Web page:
Beijing-based Brian Yang is a senior writer in charge of overall China coverage within the APAC Pharma news team. A veteran journalist, he has written extensively on pharmaceutical R&D, regulatory affairs and market access for PharmAsia News. Brian’s intimate industry knowledge and in-depth analysis has won wide praise and helped secure exclusive interviews with top biopharma executives.
He has led a team of writers to provide industry-leading coverage on key issues such as multi-regional clinical trials, priority reviews and go-to-market strategies in a highly-dynamic and fast-changing market, with the on-the-ground coverage consistently ranked among the top-read in PharmAsia News.
Prior to joining Informa, Brian worked as a foreign affairs correspondent for two TV networks and web editor for an international radio station. Trilingual in Mandarin Chinese, English and Japanese, he obtained his BA degree from China and an MA degree from Japan.
Latest From Brian Yang
A new national security law passed by China is expected to bring an uncertain future to many health companies eyeing a possible listing in Hong Kong.
More countries are joining the US to put national security interests over globalization, moving the production of medicines, medical supplies and protective equipment closer to home. The calls to repatriate manufacturing and reduce reliance on China will profoundly change how health products are supplied worldwide in the post-coronavirus era.
From requiring early notification to whole-process involvement, China is clearing a path for a far-reaching new biosecurity law, which if implemented will pose high hurdles for international firms planning to conduct clinical studies in the country, industry observers say.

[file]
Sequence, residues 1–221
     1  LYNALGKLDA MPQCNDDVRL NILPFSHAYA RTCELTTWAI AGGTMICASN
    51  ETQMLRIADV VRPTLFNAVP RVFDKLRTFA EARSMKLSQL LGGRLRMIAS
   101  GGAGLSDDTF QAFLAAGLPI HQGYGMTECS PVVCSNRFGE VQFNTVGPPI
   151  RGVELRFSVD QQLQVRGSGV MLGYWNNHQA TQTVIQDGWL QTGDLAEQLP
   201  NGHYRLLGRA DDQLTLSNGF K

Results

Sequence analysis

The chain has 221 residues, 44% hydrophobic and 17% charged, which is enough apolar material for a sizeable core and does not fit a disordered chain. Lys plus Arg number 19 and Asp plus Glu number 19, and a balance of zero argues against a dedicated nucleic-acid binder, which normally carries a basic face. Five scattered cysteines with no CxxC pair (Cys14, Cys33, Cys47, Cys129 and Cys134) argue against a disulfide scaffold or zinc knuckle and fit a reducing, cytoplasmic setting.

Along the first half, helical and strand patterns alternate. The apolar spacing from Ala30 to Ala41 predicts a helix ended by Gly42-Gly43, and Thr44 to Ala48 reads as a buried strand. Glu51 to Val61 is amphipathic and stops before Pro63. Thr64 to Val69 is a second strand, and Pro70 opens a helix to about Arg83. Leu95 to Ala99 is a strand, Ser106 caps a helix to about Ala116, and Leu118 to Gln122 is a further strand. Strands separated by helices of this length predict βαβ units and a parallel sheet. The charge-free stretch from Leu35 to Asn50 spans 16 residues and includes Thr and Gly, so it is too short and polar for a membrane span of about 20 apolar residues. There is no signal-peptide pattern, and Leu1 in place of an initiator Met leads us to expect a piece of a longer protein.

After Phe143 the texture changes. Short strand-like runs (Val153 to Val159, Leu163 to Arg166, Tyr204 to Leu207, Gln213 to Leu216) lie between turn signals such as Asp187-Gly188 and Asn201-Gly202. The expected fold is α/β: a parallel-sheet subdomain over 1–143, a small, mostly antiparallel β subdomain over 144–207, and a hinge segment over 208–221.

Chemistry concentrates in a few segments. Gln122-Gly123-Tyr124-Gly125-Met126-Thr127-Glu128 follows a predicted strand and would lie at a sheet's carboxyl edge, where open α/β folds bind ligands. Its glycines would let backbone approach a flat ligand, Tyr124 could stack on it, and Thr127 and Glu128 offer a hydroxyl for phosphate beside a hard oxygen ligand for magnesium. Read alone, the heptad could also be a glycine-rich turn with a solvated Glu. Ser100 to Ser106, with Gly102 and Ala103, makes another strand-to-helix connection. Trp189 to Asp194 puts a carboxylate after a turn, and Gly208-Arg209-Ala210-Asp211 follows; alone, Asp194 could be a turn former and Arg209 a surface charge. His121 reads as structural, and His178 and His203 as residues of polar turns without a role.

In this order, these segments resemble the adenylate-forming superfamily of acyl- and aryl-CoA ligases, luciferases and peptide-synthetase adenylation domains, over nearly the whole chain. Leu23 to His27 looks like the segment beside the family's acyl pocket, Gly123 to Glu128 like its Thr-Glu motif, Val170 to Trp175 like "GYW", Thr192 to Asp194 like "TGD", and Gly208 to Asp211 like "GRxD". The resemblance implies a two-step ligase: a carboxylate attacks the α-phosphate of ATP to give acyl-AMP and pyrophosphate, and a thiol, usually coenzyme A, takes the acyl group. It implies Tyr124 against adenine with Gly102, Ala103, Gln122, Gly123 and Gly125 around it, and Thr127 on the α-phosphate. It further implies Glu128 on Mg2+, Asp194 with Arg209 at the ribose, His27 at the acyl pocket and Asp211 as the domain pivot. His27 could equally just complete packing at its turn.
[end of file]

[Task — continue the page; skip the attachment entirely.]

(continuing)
In a bipartisan move, the US Senate is moving to impose new rules on companies - including those from China - seeking US initial public offerings, adding further uncertainty over such plans and further stoking trade tensions.
Developing some of the first coronavirus vaccines and antibody testing kits, venture-backed firms in China have responded fast and partnered actively in the fight against the pandemic, helping them to raise new funds and reach deals. But there have been cautionary tales in other sectors and some investors remain wary.
China has stepped up its support for the World Health Organization just as the US is ratcheting up its criticism of both the global health body and China, as policy observers watch closely for any signs the tense bilateral relationship may spill over to the health sector.